The Glamour Boys
A STORY OF UNSUNG BRAVERY AT A DEFINING MOMENT IN BRITAIN’S HISTORY
‘Superb’ Stephen Fry
‘Thrillingly told’ Dan Jones
‘Fascinating’ Neil MacGregor
‘Astonishing’ Peter Frankopan
We like to think we know the story of how Britain went to war with Germany in 1939, but there is one chapter that has never been told. In the early 1930s, a group of young, queer British MPs visited Berlin on a series of trips that would change the course of the Second World War.
Having witnessed the Nazis’ brutality first-hand, these men were some of the first to warn Britain about Hitler, repeatedly speaking out against their government’s policy of appeasing him. Prime Minister Neville Chamberlain hated them. Branding them ‘the glamour boys’ to insinuate something untoward about them, he had their phones tapped and threatened them with deselection and exposure.
At a time when even the suggestion of homosexuality could land you in prison, the bravery these men were forced to show in their personal lives gave them extraordinary courage in public. Undaunted, they refused to be silenced and when war came, they enlisted. Four of them died in action. And without them, Britain would never have faced down the Nazis.
A Guardian Book of Autumn 2020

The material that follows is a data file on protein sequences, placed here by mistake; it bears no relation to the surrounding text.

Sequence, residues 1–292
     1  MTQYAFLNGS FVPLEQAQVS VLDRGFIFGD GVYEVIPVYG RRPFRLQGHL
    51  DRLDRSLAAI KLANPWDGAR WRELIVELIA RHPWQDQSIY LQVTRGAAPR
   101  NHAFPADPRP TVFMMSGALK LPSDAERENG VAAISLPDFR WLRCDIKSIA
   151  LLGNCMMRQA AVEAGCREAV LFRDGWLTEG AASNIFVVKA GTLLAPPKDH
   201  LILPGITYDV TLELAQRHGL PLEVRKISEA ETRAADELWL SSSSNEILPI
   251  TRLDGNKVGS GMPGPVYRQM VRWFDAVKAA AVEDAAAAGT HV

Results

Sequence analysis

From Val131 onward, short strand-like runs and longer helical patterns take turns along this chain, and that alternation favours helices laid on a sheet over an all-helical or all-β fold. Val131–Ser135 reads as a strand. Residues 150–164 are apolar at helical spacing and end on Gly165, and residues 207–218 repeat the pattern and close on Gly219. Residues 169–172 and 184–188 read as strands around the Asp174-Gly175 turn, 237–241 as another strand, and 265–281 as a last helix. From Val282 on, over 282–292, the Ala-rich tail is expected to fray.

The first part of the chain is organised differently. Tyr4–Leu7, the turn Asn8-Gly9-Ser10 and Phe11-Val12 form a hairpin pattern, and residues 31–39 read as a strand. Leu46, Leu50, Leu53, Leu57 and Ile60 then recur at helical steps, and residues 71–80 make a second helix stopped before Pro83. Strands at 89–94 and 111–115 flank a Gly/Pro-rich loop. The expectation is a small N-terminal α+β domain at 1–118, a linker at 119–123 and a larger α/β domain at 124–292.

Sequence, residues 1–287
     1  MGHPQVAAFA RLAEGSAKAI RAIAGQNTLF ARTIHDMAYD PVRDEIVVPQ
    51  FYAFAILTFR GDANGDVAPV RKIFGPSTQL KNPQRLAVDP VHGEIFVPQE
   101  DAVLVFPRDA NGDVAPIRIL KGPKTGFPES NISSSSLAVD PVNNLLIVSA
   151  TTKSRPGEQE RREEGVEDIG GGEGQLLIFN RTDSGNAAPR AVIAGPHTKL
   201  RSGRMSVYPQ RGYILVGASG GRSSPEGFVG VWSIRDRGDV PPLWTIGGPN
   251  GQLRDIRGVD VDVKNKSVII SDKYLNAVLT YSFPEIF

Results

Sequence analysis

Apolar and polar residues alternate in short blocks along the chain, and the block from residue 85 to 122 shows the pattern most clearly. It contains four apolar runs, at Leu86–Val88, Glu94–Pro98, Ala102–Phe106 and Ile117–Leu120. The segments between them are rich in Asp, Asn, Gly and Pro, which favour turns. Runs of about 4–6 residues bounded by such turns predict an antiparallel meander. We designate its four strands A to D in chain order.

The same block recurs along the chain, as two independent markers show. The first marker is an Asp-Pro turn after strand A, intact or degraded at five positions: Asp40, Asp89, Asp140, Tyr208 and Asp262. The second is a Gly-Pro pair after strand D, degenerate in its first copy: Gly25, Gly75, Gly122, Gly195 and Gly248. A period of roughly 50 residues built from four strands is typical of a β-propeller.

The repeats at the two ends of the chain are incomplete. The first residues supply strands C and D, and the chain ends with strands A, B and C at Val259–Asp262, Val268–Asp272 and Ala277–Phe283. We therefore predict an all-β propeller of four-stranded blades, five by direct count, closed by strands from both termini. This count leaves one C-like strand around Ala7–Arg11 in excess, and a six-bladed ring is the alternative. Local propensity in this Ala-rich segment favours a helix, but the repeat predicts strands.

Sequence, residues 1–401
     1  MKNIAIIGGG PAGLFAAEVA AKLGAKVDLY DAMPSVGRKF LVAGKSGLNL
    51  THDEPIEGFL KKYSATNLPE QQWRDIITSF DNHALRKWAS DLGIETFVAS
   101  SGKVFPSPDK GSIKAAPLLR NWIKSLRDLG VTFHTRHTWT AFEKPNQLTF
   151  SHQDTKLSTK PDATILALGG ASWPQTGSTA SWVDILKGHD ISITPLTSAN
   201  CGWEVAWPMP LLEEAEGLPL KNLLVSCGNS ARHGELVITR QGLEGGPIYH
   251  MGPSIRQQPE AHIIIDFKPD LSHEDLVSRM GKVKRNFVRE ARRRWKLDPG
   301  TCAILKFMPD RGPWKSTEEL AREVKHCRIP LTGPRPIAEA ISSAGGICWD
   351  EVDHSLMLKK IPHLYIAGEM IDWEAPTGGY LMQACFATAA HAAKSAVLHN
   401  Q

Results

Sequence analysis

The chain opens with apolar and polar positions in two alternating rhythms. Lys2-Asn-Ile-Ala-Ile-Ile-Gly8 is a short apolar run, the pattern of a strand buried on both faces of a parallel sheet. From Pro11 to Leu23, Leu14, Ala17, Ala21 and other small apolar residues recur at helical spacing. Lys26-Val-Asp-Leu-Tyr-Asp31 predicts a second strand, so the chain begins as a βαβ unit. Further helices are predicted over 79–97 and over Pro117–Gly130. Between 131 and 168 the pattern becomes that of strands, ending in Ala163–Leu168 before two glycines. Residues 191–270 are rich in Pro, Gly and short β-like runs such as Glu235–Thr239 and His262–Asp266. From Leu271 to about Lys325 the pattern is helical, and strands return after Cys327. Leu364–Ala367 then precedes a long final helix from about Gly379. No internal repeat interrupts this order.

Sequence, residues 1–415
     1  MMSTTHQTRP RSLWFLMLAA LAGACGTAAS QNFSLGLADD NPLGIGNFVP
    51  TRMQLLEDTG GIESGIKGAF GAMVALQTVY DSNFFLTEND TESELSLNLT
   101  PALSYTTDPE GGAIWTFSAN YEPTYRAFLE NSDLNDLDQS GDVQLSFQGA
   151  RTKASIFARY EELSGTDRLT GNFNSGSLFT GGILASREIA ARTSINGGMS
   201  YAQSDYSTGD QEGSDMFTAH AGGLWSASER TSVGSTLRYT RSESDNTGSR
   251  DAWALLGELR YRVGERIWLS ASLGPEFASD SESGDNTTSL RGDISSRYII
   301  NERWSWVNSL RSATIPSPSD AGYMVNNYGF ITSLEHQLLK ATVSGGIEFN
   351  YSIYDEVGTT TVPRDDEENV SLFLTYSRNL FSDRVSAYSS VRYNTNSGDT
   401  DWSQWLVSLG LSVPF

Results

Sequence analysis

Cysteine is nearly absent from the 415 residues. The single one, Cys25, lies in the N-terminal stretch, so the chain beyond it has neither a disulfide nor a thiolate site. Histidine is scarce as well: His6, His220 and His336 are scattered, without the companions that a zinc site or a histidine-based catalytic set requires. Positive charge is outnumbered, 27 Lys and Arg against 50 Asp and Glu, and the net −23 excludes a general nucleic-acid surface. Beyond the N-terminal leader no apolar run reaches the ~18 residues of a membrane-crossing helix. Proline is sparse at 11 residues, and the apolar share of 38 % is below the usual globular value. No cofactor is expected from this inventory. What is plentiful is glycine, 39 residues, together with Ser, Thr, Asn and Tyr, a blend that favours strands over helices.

In The Glamour Boys, Chris Bryant sets out to bring to light the remarkable and in some cases heroic contribution of gay MPs to Britain's involvement in the Second World War . . . They are largely unknown. Not any longer, it is to be hoped: [Bryant] has done them honour . . . He has handled the difficult form of group biography skilfully, using a great deal of never before published material, and introducing us to a number of little known figures -- Simon Callow * Guardian * Bryant's biggest achievement is in uncovering the stories of four almost forgotten men . . . Groundbreaking * Evening Standard * A sprightly biography . . . Bryant invests his forgotten cast with heroism, proof of the grit, determination, bravery and resourcefulness lurking behind exteriors frequently written off as "flamboyant"' * Telegraph * An inspiring story of defiant courage - alternately hilarious, triumphant and harrowing. A story about which I knew nothing but which has filled me with admiration for its brave and brilliant participants and for Chris Bryant's superb, suspenseful telling -- Stephen Fry A fascinating and thrillingly told story. Chris Bryant weaves together political and cultural history with great skill. And in doing so he shines new light on an unspoken but hugely important group of men, whose bravery shaped the course of the Second World War. This is an important, wonderfully written and often very moving book -- Dan Jones Riveting and bursting with revelations throughout. A book that is as astonishing as it is important -- Peter Frankopan Gay MPs of the 1930s could play a major part in national politics, but only if they led a dangerous double life. In this tale of high society, high camp and high courage, Chris Bryant charts what that meant in the everyday life of a group of Parliamentarians. In affluent, liberal circles their homosexuality was widely tolerated, but they were never free from the dangers of blackmail, violence or prosecution. Chris Bryant paints a compelling picture of a glamorous, gossipy, unstable world of concealment and enjoyment - and of the bravery of a group of gay MPs . . . A fascinating book is a story that needs to be told, and that fills an important historical gap -- Neil MacGregor, author of 'A History of the World in 100 Objects' An absolutely fascinating history of how queer British MPs - who have until this book been unjustly erased from history - had the courage to confront the horror of Nazism in the era of Appeasement. Whatever your sexuality, this is a must-read -- Owen Jones A fascinating, beautifully written story I had never heard before -- Hugh Grant Brilliantly told, this is a piece of our history we needed to know -- Helena Kennedy As moving as it is extraordinary. Chris Bryant has unearthed one of the great untold stories of World War Two -- John Preston You can't deal with today's injustices without knowing how we got here in the first place . . . This is fascinating, authoritative and radical history at its best * Owen Jones on 'Entitled' * Magnificent . . . Chris Bryant is a fine historian * Express on 'Parliament: The Biography' * Admirably comprehensive . . . And written in the kind of lucid, elegant prose now rarely associated with our elected representatives -- Praise for 'Parliament: The Biography' * New Statesman *
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